Teaching Profession

Challenges Will Help Decide Principals’ Pay

By Jeff Archer — March 26, 2003 4 min read
  • Save to favorites
  • Print

The tougher the job, the higher the pay. That’s the new rule of thumb for principals’ salaries in Palm Beach County, Fla.

A new compensation system slated to be phased in next month promises fatter paychecks to principals at bigger schools and at schools serving larger concentrations of students living in poverty. The aim is to give the most challenging schools a better shot at attracting and keeping strong administrators.

“If you don’t have your highest-performing principals in your highest-need schools, then you’re just exacerbating the problem,” said Arthur C. Johnson, the superintendent of the 161,000-student district.

The result of 18 months of meetings among school administrators, the new pay scale comes as more states and districts are giving principals financial rewards if their schools raise student achievement.

Few, though, have introduced significant incentives for principals to take on their districts’ hardest assignments. Along with Palm Beach County, one notable exception is New York City, where Schools Chancellor Joel I. Klein has proposed paying annual bonuses of $25,000 to proven principals who agree to help turn around low-performing schools.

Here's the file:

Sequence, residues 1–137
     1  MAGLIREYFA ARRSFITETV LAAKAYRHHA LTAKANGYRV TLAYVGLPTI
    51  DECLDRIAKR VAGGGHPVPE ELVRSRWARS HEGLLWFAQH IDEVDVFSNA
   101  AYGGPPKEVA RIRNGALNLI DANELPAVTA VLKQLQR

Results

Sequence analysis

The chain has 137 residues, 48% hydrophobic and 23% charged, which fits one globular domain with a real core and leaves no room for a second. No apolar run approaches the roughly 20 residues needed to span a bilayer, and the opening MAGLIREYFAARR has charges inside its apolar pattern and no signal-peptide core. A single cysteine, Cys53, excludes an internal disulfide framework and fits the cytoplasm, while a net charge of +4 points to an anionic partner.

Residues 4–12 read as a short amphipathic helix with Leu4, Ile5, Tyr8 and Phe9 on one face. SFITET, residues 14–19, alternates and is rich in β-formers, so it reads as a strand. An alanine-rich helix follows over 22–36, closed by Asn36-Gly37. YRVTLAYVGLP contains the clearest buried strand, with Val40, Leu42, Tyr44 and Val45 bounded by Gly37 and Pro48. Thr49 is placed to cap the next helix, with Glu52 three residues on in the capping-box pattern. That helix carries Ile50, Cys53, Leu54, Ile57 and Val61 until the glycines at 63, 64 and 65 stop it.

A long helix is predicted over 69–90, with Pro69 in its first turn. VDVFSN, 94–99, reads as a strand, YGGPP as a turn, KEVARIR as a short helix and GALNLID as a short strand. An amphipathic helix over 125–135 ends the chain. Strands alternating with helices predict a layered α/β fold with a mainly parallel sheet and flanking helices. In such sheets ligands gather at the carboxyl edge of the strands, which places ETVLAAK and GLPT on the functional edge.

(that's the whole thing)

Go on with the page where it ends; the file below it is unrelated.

“Everyone should be thinking this way,” said Joseph F. Murphy, an expert on school leadership at Vanderbilt University, in Nashville, Tenn. “When the school is in a tough situation, the leadership issues are even more critical than when things are all moving along reasonably well.”

Grade- Level Equity

Sprawling from the Atlantic Ocean to the Everglades, Palm Beach County is a district of striking contrasts.

“I have some of the most affluent, high-socioeconomic communities you’ll find anywhere,” Mr. Johnson said. “And I have schools in migrant communities that are in destitute poverty.”

Until now, though, the characteristics of a school’s student population had no bearing on how much its principal got paid. Instead, the salaries of school leaders have been based almost exclusively on their years of experience.